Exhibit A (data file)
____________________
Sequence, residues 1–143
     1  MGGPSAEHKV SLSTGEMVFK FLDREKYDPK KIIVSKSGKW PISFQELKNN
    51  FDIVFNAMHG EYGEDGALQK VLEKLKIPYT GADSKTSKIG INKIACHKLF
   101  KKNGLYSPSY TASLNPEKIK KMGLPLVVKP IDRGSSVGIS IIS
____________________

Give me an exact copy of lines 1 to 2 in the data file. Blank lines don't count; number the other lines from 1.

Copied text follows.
Sequence, residues 1–143
     1  MGGPSAEHKV SLSTGEMVFK FLDREKYDPK KIIVSKSGKW PISFQELKNN